Hacks and Flacks: The State of Arts Criticism

Columbia University reported Monday that it is closing its well known National Arts Journalism Program. AJ helmsman Doug McLennan and fellow blogger Jan Herman have been posting insightful commentary about this, and the LA Times has published a long piece about the decline of traditional criticism.

I have a lot more than two cents riding on this debate, but for the moment, let me ante up the following:

The overriding problem is what linguist Deborah Tannen calls "the argument culture": the media’s habit of framing every topic as a highly polarized debate between two extremes, even when this is not appropriate. This has a distorting effect on many issues, including the arts. Just think about the quality of discussion, even among reputable critics, on issues like government funding of the arts; violence in entertainment; censorship and the Internet; and the "canon" in the humanities.

These powerful cross currents can be tricky for critics and other arts journalists to negotiate, especially they are operating in a culture that does not have any coherent, agreed-upon standards by which to make aesthetic judgments. Too often, critics and reviewers muddle along, using several competing standards, each inherited from a different phase in the history of Western art.

What critics have trouble doing is developing their own robust, well grounded taste. "Taste" is an antique concept but an irreplaceable one. Most people, even cultural theorists who would not grant the concept any credence in their academic work, exercise taste all the time in their non-academic life. Just ask them about the last movie they saw, or (even better) the music their kids are listening to.

But because taste is something of a taboo topic in academia, many well credentialed critics do not feel very confident of their own judgment, which makes them vulnerable to being swept up by one or the other side in the so-called culture war. Next thing the hapless critic knows, he or she has become a hack: someone who writes about the arts from an overly ideological perspective.

Hacks exist on both sides of the political fence. But hackdom is always a dead end.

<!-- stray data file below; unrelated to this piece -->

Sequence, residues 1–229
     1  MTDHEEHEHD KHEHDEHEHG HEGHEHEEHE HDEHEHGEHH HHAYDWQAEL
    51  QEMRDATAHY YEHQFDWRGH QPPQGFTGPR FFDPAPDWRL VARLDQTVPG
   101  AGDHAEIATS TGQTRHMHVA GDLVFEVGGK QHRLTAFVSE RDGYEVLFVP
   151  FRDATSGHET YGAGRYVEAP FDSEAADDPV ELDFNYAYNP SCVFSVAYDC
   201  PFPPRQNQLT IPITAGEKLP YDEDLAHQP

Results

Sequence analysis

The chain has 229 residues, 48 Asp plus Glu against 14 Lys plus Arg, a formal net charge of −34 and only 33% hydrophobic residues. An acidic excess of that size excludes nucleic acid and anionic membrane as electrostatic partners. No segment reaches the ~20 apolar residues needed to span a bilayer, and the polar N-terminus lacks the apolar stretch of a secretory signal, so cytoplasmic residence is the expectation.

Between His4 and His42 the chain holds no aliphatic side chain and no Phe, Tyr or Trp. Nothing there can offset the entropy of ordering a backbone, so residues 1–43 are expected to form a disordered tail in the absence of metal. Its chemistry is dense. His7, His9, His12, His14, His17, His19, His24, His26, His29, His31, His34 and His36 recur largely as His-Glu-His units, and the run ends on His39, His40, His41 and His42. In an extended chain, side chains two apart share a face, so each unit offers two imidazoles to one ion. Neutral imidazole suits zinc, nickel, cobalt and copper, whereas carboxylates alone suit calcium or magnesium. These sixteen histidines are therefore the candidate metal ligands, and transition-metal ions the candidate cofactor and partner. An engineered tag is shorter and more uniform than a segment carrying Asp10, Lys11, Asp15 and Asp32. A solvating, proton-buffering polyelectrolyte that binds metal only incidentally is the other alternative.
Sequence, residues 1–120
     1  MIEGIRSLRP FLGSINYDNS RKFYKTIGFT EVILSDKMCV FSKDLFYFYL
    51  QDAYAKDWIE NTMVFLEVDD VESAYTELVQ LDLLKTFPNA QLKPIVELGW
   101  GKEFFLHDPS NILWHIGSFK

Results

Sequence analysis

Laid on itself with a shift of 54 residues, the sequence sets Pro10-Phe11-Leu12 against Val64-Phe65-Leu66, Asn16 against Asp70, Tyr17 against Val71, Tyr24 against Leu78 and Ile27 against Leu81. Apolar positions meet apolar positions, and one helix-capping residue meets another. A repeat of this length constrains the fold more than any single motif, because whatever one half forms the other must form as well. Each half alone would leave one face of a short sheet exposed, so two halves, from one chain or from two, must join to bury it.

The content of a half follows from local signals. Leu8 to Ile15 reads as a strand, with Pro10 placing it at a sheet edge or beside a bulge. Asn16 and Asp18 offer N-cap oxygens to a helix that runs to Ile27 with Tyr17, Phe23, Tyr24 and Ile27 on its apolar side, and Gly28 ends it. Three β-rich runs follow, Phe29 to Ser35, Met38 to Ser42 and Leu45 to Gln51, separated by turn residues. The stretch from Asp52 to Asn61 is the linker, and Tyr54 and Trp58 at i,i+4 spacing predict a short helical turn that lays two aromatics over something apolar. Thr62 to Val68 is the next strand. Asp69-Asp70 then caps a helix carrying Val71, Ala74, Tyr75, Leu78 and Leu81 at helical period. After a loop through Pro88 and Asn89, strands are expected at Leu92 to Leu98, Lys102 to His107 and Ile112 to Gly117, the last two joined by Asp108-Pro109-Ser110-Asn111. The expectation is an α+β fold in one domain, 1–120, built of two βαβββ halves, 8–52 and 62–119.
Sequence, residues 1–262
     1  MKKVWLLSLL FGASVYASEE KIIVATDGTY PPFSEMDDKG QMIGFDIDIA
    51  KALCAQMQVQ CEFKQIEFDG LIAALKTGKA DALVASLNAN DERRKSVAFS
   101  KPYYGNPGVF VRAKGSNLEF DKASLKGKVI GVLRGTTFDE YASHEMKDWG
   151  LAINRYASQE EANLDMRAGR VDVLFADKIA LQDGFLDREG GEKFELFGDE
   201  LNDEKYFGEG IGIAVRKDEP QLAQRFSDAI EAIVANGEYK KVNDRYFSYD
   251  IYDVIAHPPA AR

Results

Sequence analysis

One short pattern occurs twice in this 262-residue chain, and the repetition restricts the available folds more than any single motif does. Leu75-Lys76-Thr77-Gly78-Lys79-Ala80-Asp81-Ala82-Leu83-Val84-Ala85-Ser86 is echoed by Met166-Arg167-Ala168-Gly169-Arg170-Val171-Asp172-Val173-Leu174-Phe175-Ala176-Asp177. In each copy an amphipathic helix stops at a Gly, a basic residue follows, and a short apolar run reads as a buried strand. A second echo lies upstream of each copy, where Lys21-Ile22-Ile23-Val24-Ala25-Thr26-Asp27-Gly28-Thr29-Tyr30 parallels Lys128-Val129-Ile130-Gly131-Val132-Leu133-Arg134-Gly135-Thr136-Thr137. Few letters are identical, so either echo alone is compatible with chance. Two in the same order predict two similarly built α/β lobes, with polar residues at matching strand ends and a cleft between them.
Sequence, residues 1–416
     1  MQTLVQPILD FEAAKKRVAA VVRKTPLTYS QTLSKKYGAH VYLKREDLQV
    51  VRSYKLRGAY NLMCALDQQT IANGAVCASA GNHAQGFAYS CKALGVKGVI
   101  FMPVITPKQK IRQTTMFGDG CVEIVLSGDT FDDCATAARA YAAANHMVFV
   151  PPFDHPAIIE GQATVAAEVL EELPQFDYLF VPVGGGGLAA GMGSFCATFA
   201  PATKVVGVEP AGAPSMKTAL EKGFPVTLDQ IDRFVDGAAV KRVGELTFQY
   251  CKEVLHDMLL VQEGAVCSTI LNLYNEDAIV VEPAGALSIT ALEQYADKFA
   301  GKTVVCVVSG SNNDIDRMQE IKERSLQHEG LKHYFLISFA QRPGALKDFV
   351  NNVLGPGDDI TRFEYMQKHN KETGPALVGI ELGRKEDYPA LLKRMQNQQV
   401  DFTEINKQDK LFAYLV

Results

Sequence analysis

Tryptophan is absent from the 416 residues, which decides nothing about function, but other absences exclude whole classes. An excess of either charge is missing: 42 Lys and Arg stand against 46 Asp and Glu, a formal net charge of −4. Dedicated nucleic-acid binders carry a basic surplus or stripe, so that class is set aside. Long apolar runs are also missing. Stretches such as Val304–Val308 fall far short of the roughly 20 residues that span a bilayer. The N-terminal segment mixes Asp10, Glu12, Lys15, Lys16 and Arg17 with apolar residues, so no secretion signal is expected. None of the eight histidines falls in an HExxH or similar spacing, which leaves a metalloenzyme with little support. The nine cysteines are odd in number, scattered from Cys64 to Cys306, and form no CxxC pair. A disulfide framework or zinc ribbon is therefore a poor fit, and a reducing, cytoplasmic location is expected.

On the left, the hack soon reaches an impasse: while making a principled case for total artistic freedom, he or she must accept ever greater excess from what I call the culture of transgression - art whose sole purpose is to “shock the bourgeois” (assuming this can still be done).

On the right, the hack faces a contradiction: on the one hand, a libertarian shrug that assigns all evaluative functions to the market; and on the other, a righteous crusade that looks askance at any work not didactically committed to religious and moral uplift.

Caught in this cross current, the unwary critic steers by his or her subjective judgment. Readers accept this, because it is typically assumed that aesthetic judgments are wholly subjective. But danger arises when the rudderless subjectivity of the journalist meets the blandishments of PR people in the arts, to say nothing of entertainment. Before you can say "flack,” the critic is repeating the latest press releases and dropping the hottest names.

These pressures can be resisted, but only if the budding critic takes the time to think through the essential questions of aesthetic standards: where they come from, how they have changed, what their truth claims are, and how they operate in a diverse, decentralized, pluralistic culture like ours. I don't know for sure, but I doubt whether the case for arts journalism programs is often made in these terms.

May 25, 2005 1:15 AM |

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